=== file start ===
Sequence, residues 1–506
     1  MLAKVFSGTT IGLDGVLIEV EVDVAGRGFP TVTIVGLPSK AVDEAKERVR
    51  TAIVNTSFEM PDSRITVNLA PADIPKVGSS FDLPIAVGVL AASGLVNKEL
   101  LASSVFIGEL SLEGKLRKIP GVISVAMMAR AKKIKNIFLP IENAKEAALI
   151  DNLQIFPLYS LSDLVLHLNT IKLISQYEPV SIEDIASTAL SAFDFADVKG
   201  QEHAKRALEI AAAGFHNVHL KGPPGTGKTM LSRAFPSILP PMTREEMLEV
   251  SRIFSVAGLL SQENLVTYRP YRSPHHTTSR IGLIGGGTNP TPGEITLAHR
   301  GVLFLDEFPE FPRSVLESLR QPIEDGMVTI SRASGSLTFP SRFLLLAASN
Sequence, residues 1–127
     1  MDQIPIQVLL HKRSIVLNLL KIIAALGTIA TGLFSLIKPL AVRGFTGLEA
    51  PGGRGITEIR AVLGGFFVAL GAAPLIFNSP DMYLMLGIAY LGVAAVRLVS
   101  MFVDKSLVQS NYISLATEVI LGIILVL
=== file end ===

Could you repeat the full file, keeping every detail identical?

Sequence, residues 1–506
     1  MLAKVFSGTT IGLDGVLIEV EVDVAGRGFP TVTIVGLPSK AVDEAKERVR
    51  TAIVNTSFEM PDSRITVNLA PADIPKVGSS FDLPIAVGVL AASGLVNKEL
   101  LASSVFIGEL SLEGKLRKIP GVISVAMMAR AKKIKNIFLP IENAKEAALI
   151  DNLQIFPLYS LSDLVLHLNT IKLISQYEPV SIEDIASTAL SAFDFADVKG
   201  QEHAKRALEI AAAGFHNVHL KGPPGTGKTM LSRAFPSILP PMTREEMLEV
   251  SRIFSVAGLL SQENLVTYRP YRSPHHTTSR IGLIGGGTNP TPGEITLAHR
   301  GVLFLDEFPE FPRSVLESLR QPIEDGMVTI SRASGSLTFP SRFLLLAASN
Sequence, residues 1–127
     1  MDQIPIQVLL HKRSIVLNLL KIIAALGTIA TGLFSLIKPL AVRGFTGLEA
    51  PGGRGITEIR AVLGGFFVAL GAAPLIFNSP DMYLMLGIAY LGVAAVRLVS
   101  MFVDKSLVQS NYISLATEVI LGIILVL